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Rockers open school of songwriting

HUNTINGTON, W.Va. - Are you currently a struggling musician hoping to strike it gold with your first big single? Have you been plagued with writer's block coming up with lyrics to go with an awesome guitar riff you composed after an all night binge of Jose Cuervo? Now you can breathe easy because two of Rock and Roll's greatest pioneers have recently opened up The School of Song Writing in Anaheim, Calif. Chad Kroeger, lead singer of Nickelback, and Chester Bennington, the rock portion of Linkin Park, have decided to lend their considerable talent in helping you succeed.

"I always envisioned opening up a school like this back in the early days," Kroeger said. "I just don't think it's fair that the average Joe doesn't get a chance to shine. Everyone, despite their lack of talent, has it within themselves to make it big.

Although Kroeger had entertained the notion of a songwriting school for many years, he did not actively pursue it until one night when he was writing a new song about having sex with one of his groupies for his group's upcoming album.
"I knew right then that the school was something I had to do," Kroeger said. "So I picked up the phone and called my buddy Chester, and we got the ball rolling."

Bennington, whose band Linkin Park topped charts in 2001 with the album Hybrid Theory, and again in 2003 with Meteora, was immediately on board.

"I see so many musicians falling into the same creative traps," Bennington said. "For example, you have to write for a specific audience. And if you're in your 20s, it's really difficult to grow an audience of your peers because so many of them are off doing unique things and having unique experiences. If you're going to play any kind of hard rock and be successful nowadays, it's got to appeal to teenagers. And how do you do that? You make your lyrics as vague and relatable as possible. Take the chorus for 'One Step Closer' for example. It took me forever to come up with those lines, but when I finally nailed them down, I felt like I had really done something great."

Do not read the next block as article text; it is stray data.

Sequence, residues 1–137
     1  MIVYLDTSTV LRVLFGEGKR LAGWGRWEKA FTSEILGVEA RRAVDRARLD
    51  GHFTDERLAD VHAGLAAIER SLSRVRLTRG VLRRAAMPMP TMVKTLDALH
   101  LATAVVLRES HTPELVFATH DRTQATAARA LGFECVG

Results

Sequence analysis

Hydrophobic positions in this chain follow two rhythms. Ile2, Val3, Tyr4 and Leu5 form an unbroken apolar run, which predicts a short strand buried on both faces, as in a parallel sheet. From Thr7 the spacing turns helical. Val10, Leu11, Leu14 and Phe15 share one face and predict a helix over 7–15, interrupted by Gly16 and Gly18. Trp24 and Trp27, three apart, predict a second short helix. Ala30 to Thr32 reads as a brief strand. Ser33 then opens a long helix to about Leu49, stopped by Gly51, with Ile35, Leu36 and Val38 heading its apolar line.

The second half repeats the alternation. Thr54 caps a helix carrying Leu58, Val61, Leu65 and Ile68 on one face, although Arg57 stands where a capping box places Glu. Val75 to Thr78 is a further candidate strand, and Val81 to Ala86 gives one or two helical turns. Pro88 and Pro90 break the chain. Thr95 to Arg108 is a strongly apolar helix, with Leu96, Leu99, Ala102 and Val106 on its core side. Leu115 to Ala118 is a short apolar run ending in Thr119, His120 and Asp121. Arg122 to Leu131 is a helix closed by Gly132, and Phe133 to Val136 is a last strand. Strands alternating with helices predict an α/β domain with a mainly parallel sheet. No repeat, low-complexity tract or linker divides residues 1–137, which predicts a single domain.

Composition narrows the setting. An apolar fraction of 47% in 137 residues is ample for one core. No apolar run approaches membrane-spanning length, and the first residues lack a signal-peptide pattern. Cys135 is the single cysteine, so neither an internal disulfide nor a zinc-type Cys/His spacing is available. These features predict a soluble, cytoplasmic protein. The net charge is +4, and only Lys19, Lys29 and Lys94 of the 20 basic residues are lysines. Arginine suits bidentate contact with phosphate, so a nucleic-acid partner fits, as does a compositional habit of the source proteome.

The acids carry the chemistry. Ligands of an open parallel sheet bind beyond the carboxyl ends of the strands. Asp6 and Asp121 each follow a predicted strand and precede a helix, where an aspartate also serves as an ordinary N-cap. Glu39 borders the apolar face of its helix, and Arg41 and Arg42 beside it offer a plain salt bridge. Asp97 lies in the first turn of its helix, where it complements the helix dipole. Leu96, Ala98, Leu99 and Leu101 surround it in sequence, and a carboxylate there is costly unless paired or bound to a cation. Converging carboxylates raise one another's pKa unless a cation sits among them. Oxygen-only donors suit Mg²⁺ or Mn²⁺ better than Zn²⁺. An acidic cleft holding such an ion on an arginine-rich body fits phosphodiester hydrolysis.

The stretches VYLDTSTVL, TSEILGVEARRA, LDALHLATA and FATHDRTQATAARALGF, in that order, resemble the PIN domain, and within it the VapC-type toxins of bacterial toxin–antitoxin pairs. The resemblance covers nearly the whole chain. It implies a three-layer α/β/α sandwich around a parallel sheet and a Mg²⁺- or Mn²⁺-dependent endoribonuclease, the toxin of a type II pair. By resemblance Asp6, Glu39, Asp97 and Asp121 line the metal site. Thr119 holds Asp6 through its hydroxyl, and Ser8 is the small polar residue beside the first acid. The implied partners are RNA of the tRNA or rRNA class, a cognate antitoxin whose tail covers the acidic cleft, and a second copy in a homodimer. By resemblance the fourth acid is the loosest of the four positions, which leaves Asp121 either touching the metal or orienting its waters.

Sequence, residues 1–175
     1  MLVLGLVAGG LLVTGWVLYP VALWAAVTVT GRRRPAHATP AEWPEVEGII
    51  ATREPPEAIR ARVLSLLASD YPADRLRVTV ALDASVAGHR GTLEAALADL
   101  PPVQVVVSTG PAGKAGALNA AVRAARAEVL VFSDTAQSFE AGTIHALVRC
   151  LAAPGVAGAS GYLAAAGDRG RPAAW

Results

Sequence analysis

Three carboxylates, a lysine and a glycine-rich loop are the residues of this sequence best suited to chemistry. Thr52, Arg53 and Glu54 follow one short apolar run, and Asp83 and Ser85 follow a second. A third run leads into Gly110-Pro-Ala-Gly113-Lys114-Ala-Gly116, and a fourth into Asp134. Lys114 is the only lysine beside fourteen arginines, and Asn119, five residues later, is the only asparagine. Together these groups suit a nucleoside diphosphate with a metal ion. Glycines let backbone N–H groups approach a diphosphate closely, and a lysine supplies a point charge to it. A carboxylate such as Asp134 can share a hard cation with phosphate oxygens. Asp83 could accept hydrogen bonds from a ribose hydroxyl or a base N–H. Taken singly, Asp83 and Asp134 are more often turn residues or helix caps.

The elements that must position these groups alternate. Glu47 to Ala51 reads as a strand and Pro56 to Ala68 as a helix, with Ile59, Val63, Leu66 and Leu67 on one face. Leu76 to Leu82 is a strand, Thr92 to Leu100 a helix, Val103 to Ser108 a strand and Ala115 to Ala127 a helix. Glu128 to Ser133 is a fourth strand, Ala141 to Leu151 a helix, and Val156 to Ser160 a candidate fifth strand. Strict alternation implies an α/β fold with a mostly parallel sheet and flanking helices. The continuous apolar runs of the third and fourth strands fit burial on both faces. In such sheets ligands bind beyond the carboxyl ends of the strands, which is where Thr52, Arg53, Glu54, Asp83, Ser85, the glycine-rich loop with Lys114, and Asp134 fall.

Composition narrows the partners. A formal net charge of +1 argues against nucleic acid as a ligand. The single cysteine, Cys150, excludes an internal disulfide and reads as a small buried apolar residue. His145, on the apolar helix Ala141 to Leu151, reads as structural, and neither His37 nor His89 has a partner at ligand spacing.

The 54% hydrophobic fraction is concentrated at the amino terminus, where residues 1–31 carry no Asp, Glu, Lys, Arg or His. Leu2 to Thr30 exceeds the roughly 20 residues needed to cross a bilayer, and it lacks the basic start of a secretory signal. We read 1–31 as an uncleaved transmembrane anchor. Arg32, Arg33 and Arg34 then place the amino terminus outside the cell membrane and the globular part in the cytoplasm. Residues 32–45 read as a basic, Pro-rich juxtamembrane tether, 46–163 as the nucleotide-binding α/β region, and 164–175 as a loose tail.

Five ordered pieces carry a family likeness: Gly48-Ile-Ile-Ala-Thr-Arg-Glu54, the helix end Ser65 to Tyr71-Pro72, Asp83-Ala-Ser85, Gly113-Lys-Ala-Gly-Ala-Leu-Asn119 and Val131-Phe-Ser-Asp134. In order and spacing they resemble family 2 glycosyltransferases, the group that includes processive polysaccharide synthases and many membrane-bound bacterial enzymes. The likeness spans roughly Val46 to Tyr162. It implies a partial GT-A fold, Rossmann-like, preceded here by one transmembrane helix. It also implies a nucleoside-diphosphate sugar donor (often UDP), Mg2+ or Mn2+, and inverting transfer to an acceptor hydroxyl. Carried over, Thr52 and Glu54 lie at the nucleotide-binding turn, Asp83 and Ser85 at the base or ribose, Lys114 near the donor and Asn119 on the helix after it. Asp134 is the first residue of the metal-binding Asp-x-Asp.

Kroeger and Bennington will not only address songwriting concerns, but many others common to up-and-coming musicians.

"We're not just going to teach you how to write a top single, but what to do after you have. We're going to immerse the student into the complete contemporary Hard Rock lifestyle," Kroeger said. "For that we're going to enlist the help of a lot of our friends in the business."

Among those friends is Scott Stapp, formerly of Creed, who will handle proper posing techniques for students as they shoot the video for their debut single. Fred Durst, of Limp Bizkit, will handle wardrobe and image concerns. Aaron Lewis of Staind will be responsible for keeping students focused on what inspires them.

"This project is really something I'm proud to be a part of," Lewis said. "Of course, my father probably wouldn't think so. He'd just crush a beer can on my head and tell me what a loser I was."

Although the school is based out of Anaheim, Lewis will spend most of his time teaching in a satellite school in his hometown of Boston.

"Boston has always felt like a kindred spirit when I'm writing new songs. Where else in the world will you find a city of half a million people that whine about the same thing over and over again, for years and years?"

Spaces in the school of songwriting are booked for the next six months, so interested musicians are encouraged to complete an online application and be placed on a waiting list.

"It'll be an experience you'll never forget," Bennington said.

The Daily Collegian - March 8, 2005



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